Spirituality is a universal dimension of human beings, and therefore all patients will benefit from appropriate SC. For many people, who engage in SC provision, it is done intuitively by understanding and connecting to patients and caregivers as a human act, and something that might be difficult to capture in words. In order to operationalise SC it is helpful for all palliative care providers to be familiar with the EAPC working definition of spiritual care:

‘Spirituality is the dynamic dimension of human life that relates to the way persons (individual and community) experience, express and/or seek meaning, purpose and transcendence, and the way they connect to the moment, to self, to others, to nature, to the significant and/or the sacred.’

Spirituality is multidimensional, consisting of 1. Existential challenges (e.g. questions concerning identity, meaning, suffering and death, guilt and shame, reconciliation and forgiveness, freedom and responsibility, hope and despair, love and joy). 2. Value based considerations and attitudes (what is most important for each person, such as relations to oneself, family, friends, work, things, nature, art and culture, ethics and morals, and life itself). 3. Religious considerations and foundations (faith, beliefs and practices, the relationship with God or the ultimate). However, it is critical to comprehend that in care situations it is the patient who tells us the form their own spirituality takes. Patients may not use the term ‘spirituality’, hence, listening carefully to the patient’s vocabulary is of major importance. See below for alternative ways to ask the patient about their spirituality.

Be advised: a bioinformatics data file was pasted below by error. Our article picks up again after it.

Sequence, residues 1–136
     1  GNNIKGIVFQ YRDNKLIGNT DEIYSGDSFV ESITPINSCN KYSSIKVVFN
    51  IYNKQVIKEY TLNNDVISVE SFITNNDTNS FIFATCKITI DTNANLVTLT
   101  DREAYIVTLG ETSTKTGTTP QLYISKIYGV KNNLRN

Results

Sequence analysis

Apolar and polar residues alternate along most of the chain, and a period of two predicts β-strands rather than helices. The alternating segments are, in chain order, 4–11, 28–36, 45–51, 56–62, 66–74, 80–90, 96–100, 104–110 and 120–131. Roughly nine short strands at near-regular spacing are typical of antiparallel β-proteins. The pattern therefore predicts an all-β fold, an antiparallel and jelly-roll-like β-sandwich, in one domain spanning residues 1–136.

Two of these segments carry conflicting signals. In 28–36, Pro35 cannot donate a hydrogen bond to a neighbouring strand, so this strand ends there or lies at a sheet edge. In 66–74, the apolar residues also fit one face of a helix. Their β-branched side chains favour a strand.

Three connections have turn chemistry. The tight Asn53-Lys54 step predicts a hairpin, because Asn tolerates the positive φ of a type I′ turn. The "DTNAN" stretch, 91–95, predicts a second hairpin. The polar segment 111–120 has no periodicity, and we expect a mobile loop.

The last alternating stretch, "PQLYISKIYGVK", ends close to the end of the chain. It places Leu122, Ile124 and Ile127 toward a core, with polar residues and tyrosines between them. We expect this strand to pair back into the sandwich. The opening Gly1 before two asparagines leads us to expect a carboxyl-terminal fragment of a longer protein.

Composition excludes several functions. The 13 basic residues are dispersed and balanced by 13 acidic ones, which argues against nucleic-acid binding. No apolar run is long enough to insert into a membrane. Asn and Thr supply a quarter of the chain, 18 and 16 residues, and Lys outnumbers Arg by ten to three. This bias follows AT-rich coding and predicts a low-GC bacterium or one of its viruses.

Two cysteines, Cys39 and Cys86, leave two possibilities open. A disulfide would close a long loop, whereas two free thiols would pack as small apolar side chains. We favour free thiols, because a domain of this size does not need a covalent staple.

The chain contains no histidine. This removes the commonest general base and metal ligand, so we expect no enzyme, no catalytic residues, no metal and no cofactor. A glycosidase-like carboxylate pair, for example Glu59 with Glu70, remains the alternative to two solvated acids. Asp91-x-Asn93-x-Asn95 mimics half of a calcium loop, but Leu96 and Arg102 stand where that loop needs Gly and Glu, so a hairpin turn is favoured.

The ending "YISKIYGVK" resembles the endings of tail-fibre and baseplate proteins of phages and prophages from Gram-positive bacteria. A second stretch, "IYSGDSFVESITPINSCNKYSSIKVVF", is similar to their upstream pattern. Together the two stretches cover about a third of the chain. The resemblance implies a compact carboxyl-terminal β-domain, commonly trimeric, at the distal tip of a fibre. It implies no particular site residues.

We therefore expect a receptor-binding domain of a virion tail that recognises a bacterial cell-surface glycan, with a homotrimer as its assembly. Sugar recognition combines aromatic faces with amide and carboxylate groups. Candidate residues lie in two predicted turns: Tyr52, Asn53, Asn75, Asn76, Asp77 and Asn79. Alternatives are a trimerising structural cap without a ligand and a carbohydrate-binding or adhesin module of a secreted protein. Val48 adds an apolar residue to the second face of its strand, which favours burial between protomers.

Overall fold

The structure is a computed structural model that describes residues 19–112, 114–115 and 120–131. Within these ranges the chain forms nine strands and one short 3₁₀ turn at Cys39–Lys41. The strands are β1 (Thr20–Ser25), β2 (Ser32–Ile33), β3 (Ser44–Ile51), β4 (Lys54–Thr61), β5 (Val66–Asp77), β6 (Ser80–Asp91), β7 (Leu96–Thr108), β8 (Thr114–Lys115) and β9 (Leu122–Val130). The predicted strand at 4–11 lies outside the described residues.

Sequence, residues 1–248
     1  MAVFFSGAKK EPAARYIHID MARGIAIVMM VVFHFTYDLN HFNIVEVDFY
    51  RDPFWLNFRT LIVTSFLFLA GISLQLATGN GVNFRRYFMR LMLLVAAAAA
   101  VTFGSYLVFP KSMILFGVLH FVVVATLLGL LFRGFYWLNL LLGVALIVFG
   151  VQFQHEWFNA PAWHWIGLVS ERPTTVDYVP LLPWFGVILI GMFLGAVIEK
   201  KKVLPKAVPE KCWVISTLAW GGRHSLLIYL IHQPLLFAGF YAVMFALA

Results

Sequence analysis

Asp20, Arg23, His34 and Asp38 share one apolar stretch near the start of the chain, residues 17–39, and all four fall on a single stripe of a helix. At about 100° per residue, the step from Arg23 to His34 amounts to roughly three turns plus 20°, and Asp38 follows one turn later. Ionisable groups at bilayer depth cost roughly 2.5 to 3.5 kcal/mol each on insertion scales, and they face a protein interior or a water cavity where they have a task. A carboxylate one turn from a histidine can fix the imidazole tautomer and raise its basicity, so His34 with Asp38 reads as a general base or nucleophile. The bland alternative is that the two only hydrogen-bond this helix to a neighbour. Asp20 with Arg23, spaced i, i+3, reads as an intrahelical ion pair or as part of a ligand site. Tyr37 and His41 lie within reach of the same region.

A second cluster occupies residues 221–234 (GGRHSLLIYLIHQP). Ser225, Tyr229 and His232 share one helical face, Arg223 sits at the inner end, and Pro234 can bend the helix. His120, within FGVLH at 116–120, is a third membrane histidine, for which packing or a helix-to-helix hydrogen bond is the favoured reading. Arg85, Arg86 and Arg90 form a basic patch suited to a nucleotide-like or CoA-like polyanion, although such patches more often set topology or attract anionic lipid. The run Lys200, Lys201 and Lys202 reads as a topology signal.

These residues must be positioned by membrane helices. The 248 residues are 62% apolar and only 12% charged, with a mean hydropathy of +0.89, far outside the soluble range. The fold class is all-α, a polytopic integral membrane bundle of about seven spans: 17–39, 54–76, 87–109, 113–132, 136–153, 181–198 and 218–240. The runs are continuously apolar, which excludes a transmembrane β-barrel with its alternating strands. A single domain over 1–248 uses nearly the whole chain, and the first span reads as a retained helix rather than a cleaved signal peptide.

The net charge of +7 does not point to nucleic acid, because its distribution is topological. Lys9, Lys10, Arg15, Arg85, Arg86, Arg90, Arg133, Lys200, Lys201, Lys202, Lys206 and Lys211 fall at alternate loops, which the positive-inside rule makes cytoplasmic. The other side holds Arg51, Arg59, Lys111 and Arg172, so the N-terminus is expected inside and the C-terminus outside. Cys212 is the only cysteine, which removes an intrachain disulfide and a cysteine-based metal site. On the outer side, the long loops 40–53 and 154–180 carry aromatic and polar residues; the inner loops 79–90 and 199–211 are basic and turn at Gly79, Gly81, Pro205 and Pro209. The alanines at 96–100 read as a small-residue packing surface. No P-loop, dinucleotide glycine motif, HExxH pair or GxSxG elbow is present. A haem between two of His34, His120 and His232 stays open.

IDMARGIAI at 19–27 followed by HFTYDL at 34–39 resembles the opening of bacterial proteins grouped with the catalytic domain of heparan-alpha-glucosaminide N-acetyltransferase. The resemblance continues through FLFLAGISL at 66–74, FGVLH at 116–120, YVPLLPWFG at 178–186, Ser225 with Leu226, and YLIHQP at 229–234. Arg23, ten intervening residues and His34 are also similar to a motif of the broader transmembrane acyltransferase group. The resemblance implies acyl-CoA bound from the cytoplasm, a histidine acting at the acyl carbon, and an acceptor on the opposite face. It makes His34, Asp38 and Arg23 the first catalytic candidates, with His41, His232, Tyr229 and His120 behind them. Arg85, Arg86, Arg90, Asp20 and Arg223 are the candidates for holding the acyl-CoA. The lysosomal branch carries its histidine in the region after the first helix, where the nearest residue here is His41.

Multi-disciplinary spiritual care

The EAPC recognises the value of shared learning across disciplines, and this is pertinent to this topic as SC is the responsibility of all staff members according to the Interprofessional Model of Spiritual Care [29], which will be referred to in this paper as a ‘Multi-disciplinary Model of Spiritual Care’. A Multi-disciplinary Model of SC works within the holistic or bio-psycho-social-spiritual model of the human [30] and recognises that all members of a clinical team have responsibility for spiritual care, but may have different levels of expertise. While all team members should be at least a generalist in SC, the healthcare chaplain [31] is the one, who is an expert of SC [32], and where possible, patients with spiritual needs and/or distress should be referred to expert. However, it is recognised that the form which SC takes will be influenced by factors such as the country’s religious history, culture, health care system, local traditions, type of healthcare institution and its organisational culture, and resources available. It is important that communication between staff members is clear so that all are aware of who is providing SC for each patient or caregiver. See Table 1 for discussion of terms to describe aspects of SC provision.
Table 1

Terminology

Spiritual care Spiritual care involves recognizing the importance of the spiritual dimension of care for patients and involves needs assessment and provision of support.

Healthcare SC worker The staff member who has specialised in spiritual care within healthcare institutions, dedicated to SC of patients, regardless of their religious background. May also be called ‘chaplain’, ‘pastoral care worker’, ‘board-certified chaplain’, ‘healthcare SC worker’, ‘SC worker’, ‘priest’ or other term, including humanistic counselors or existential philosophers specialized in SC [31].